Saturday, January 12, 2013


I have mixed emotions in writing about the NICU (neonatal intensive care unit).  On the one hand, there were lots of positive, amazing things about the NICU.  I will be eternally grateful for the wonderful care that Elliott and Sidney received from the nurses during their respective stays in the NICU.  I got to hold both of them for the first time ever in the NICU.  We learned a ton of tricks and secrets about how to take care of babies from the NICU nurses.  The NICU nurses really got the boys on a schedule, which we have learned is invaluable when you have multiples!

But on the other hand, it became very difficult for me emotionally as time went on to have the babes there- I really just wanted them home with us.  And to be quite honest, I think I've emotionally and intellectually repressed most of the details from their time there.

After Jenson and I left the recovery room but before we were taken up to our hospital room, I was given the option of stopping to see the Elliott and Sidney in the NICU if I wanted.  Now this may not seem like too big of a deal, but you have to keep in mind that I was still in a gurney/bed at this point and unable to walk yet, so they'd have to wheel my gurney/bed into the NICU to make this happen.  A part of me didn't want to be a bother or cause anyone to have to do anything special for me.  But the way, way, way bigger part of me was like, "Take me to my babies now!!!!!!!"  So to the NICU we went (thank God again for my sweet nurse Angelique for being willing to make this happen).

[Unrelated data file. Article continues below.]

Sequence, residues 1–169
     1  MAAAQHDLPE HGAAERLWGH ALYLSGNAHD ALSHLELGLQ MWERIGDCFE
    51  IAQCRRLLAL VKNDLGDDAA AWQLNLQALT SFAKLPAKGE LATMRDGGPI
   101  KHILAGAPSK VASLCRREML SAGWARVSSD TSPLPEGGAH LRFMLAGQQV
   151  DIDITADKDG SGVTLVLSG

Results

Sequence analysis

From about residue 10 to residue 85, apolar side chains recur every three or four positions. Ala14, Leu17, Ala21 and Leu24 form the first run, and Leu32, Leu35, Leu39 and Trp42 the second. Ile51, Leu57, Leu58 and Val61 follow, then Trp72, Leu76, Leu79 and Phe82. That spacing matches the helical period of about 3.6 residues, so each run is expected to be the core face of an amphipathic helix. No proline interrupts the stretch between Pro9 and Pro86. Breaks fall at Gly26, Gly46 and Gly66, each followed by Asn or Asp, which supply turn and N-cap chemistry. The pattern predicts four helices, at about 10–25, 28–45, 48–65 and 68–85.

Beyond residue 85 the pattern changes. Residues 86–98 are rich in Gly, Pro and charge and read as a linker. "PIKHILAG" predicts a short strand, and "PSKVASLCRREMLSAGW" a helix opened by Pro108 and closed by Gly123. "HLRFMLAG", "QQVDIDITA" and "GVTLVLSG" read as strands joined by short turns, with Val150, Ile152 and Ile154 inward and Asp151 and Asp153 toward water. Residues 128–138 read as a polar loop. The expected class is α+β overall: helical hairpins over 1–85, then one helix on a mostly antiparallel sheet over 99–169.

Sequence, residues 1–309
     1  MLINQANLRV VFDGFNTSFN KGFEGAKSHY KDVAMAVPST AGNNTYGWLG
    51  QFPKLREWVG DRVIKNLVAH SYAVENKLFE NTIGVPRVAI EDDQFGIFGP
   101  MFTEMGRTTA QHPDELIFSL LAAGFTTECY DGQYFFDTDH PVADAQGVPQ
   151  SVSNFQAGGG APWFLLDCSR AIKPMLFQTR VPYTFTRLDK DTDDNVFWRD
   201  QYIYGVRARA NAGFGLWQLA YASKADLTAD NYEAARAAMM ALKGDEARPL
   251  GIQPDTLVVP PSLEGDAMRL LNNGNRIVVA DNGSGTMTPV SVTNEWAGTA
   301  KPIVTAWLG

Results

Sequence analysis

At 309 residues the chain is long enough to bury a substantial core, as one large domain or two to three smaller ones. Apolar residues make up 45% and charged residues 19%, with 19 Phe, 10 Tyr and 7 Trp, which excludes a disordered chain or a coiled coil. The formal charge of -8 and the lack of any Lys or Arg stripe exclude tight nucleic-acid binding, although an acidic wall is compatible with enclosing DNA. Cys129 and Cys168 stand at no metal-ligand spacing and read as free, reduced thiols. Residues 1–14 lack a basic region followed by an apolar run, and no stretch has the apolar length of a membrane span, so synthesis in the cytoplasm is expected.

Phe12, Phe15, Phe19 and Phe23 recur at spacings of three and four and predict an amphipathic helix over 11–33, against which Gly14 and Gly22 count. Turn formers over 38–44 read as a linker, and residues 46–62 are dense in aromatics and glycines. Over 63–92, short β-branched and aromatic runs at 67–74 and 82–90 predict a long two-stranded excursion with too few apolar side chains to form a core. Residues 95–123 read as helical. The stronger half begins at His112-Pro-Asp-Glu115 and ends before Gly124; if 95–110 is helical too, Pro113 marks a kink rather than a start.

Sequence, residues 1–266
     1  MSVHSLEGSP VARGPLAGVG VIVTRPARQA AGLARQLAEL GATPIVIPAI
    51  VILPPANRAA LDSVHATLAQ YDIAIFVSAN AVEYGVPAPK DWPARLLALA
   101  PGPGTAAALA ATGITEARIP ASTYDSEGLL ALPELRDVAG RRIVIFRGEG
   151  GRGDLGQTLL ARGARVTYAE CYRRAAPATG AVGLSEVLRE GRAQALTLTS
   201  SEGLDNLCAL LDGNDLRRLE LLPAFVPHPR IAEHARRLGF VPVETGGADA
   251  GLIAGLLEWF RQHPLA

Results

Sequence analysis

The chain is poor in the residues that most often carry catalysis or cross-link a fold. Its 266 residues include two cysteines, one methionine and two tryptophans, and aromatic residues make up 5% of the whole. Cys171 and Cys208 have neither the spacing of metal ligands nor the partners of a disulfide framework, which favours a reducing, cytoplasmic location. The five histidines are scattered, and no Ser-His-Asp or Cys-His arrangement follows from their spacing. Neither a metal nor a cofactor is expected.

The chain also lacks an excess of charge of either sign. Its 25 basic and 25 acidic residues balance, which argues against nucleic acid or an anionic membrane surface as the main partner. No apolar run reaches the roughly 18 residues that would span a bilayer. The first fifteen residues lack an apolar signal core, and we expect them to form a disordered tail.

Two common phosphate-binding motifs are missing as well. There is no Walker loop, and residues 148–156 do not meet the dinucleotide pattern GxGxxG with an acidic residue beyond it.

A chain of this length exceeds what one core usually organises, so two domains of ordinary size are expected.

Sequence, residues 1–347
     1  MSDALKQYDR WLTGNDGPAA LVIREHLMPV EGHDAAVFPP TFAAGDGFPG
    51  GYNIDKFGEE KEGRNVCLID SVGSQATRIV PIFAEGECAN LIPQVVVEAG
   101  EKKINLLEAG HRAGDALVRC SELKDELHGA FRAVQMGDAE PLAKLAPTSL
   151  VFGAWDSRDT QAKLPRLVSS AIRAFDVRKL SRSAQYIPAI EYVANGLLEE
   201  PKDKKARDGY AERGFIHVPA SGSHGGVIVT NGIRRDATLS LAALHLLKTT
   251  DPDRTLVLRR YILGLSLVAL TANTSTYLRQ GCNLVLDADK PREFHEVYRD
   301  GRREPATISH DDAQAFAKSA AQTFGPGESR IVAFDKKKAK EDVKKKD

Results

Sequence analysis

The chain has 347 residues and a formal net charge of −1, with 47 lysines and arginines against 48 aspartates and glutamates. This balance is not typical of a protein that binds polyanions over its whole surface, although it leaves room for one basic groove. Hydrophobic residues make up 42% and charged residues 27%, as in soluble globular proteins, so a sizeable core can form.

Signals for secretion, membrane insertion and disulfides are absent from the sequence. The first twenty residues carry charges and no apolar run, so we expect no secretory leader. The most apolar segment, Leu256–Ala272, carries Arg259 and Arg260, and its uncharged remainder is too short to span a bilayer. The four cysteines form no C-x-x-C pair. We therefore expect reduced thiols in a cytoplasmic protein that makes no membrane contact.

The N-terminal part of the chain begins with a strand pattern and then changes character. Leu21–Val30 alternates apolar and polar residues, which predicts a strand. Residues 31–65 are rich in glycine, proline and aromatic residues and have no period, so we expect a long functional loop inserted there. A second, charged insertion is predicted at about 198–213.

When we got there, Elliott and Sidney were in different rooms.  The NICU at Sutter Memorial has multiple rooms (by the time both boys were discharged, they'd been in four different ones!), but the boys were moved into the same room right next to each other within 36 hours.  Even though they were in separate rooms, they looked kind of the same in regards to all of the stuff attached to them.  They were attached to monitors that constantly checked their vital signs (heart rate, blood pressure, respiratory rate, temperature, oxygen saturation), so there were multiple probes/stickers attached to them for that.  They both had IVs, so more lines for those.  They each were requiring the noninvasive CPAP machine ( (hereafter known as "bubbles" as the oxygen actually bubbles as it goes through water), so those were hooked up to their noses.  And because they were hooked up to the CPAP, they had to have orogastric tubes as well.  The orogastric tube is inserted through their mouth, down their throat, and the end of it sits somewhere in the stomach- not pretty, but necessary.

And they were placed in beds that our friend Jen liked to call "baby jail".  They were actually pretty cool machines.  The babies were in Giraffe incubators (Giraffe is the brand; check them out online!), which have the capability of regulating the environmental temperature and humidity and are great for taking care of NICU babies.  The babes were basically enclosed in the beds as they had side walls and a top on them, hence "baby jail" (they are actually way cooler than I'm probably making them sound).

It was hard to see the babies in their "jails", but it was pretty obvious when looking at them that they needed to be there.  Both of them were breathing pretty rapidly (especially Sidney) and they just really needed the interventions that the NICU could provide.  Even though I was on my gurney, the staff moved things around so that they were able to get me close enough so I could touch the boys through the little armholes on the sides of the incubators.  

They looked so big and yet so fragile all at the same time.  It makes me a little teary right now to think back on that experience, but I think I handled it well enough at the time.  I was so excited to see them a little bit better and a little bit closer than I had gotten to during the delivery.  My boys!!  Even with all of the junk attached to them, they were absolutely beautiful.  Just beautiful and perfect.